In 1970 Milton Friedman wrote a now famous essay in the NY Times Magazine declaring that the social responsibility of business is to increase its profits. Since then, writers and researchers have been debating whether this accurately reflects the responsibilities of business in society. In the decade since the Global Financial Crisis these debates have become particularly critical, with some participants questioning the basic principles of free market capitalism and whether they serve our current societal needs.
But what if the best way to do right by shareholders was to run a socially responsible business?
New findings by JUST Capital are showing that this is often the case. JUST Capital is a non-profit research organization whose mission is “to build a more just marketplace that better reflects the true priorities of the American people.” Their distinctive research approach began with a survey of the U.S. public on what they believe makes a “JUST” company.
Given the polarized debates between those who advocate for the Friedman thesis (shareholder primacy) and those who believe it too limiting (stakeholder engagement theory; shared value; conscious capitalism), JUST Capital’s survey results bring a new perspective from the company’s stakeholders — the American public. Instead of asking economists, policymakers, and business leaders what business should do, they asked Americans to define their expectations of business. By crowd sourcing the answer, they give the public a voice in this debate, and also crystallize for business leaders the expectations of two important stakeholders: their customers and their employees.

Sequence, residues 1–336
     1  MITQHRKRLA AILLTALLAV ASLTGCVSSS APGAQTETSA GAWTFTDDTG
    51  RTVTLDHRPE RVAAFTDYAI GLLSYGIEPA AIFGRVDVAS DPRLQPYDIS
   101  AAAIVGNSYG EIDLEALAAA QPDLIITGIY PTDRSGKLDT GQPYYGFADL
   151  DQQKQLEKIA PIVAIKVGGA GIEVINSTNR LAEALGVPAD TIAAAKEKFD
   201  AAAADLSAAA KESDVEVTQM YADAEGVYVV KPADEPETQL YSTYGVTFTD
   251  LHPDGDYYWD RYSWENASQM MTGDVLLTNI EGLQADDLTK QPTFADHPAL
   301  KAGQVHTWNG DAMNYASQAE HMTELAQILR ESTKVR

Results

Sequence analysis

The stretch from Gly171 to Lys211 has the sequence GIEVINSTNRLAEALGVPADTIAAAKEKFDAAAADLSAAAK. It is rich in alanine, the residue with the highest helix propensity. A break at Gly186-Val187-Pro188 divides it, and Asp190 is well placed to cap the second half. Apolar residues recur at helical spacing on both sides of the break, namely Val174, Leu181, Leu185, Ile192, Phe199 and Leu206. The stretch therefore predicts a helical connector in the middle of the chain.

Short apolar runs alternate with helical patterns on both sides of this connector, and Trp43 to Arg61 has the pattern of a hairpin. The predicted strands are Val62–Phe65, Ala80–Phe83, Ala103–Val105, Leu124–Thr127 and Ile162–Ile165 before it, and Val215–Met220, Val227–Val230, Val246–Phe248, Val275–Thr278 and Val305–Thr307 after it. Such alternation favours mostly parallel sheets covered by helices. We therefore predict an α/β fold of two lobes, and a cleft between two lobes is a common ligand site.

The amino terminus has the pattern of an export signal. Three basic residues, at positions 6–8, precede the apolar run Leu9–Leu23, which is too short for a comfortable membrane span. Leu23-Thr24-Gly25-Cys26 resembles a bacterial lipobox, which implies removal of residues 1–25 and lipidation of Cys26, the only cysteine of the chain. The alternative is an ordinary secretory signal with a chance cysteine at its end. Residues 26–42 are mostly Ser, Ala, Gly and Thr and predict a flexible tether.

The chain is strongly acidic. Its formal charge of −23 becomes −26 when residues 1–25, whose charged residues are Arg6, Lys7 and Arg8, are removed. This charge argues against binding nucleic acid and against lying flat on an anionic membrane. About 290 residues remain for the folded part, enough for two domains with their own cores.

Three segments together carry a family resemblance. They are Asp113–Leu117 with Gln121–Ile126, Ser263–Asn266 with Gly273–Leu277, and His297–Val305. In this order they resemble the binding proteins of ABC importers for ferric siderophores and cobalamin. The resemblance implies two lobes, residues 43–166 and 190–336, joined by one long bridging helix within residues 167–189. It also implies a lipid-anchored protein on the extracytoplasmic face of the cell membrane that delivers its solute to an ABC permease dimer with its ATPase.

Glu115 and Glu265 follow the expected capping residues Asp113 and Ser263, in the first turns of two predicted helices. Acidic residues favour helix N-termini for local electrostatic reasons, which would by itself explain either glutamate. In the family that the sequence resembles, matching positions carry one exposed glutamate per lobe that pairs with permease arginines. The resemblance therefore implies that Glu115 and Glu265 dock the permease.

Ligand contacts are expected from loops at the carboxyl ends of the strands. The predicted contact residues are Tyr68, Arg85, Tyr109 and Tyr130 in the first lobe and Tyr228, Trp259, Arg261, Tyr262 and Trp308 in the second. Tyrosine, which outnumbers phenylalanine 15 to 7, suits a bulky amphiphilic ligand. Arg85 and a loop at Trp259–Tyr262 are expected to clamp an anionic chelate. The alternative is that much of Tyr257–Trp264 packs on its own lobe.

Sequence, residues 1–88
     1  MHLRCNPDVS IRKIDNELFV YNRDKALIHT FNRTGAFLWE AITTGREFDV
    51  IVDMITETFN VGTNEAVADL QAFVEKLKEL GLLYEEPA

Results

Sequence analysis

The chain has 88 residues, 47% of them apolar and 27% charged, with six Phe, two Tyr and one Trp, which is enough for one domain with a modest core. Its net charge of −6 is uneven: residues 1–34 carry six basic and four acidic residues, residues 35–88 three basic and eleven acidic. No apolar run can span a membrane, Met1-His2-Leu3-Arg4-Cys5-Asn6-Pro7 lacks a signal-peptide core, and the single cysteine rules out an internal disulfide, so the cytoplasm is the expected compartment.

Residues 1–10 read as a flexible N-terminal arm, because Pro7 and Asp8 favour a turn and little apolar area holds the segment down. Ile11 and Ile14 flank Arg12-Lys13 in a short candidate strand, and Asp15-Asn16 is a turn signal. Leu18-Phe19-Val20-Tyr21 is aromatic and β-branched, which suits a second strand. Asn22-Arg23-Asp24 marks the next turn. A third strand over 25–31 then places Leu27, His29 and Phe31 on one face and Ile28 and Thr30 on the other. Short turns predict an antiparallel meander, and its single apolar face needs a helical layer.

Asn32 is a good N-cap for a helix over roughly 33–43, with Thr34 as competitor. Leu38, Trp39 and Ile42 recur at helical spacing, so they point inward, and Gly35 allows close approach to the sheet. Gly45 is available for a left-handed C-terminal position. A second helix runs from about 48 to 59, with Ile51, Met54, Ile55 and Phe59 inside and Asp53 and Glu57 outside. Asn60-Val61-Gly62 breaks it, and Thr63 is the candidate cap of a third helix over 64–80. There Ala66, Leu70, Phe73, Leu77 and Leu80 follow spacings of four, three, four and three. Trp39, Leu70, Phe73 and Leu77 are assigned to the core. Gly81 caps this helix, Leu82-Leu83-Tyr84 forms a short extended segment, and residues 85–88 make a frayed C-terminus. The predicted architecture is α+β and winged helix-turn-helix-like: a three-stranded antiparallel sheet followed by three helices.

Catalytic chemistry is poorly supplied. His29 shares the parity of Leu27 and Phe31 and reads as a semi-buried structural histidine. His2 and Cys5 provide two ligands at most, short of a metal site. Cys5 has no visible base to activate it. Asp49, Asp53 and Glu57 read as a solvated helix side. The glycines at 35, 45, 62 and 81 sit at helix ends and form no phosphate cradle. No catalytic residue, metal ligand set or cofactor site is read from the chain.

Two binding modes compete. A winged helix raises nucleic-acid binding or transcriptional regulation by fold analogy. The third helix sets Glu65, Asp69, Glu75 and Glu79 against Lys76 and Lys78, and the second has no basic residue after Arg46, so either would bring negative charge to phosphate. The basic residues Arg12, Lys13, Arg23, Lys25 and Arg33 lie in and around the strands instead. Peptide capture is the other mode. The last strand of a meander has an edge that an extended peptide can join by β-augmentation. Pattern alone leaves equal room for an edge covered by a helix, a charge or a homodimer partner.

According to the JUST Capital survey results, the top 3 factors for how Americans define corporate “justness” are 1) worker pay and benefits; 2) worker treatment; and 3) leadership and ethics.
Equipped with this information, companies can streamline their strategies to address these demands–and be financially rewarded for doing so. As Peter Gorgescu highlighted in his Forbes piece: Doing the Right Thing is Just Profitable. Based on the JUST Capital data and findings, Gorgescu writes: “Over the past decade, the most ethical and just American companies have also proven themselves to be the most profitable. They lead their industries over the long term.”
Ethical Systems has drawn similar conclusions after reviewing the academic literature on whether running an ethical company “pays” in the long-run. The research shows that it does. On the site’s Ethics Pays page, readers can find summaries of the existing research. In short, good ethics pays because illegal conduct can be costly, and because good governance and a good reputation are rewarded financially (through lower operating costs and higher sales, among other factors described on the site).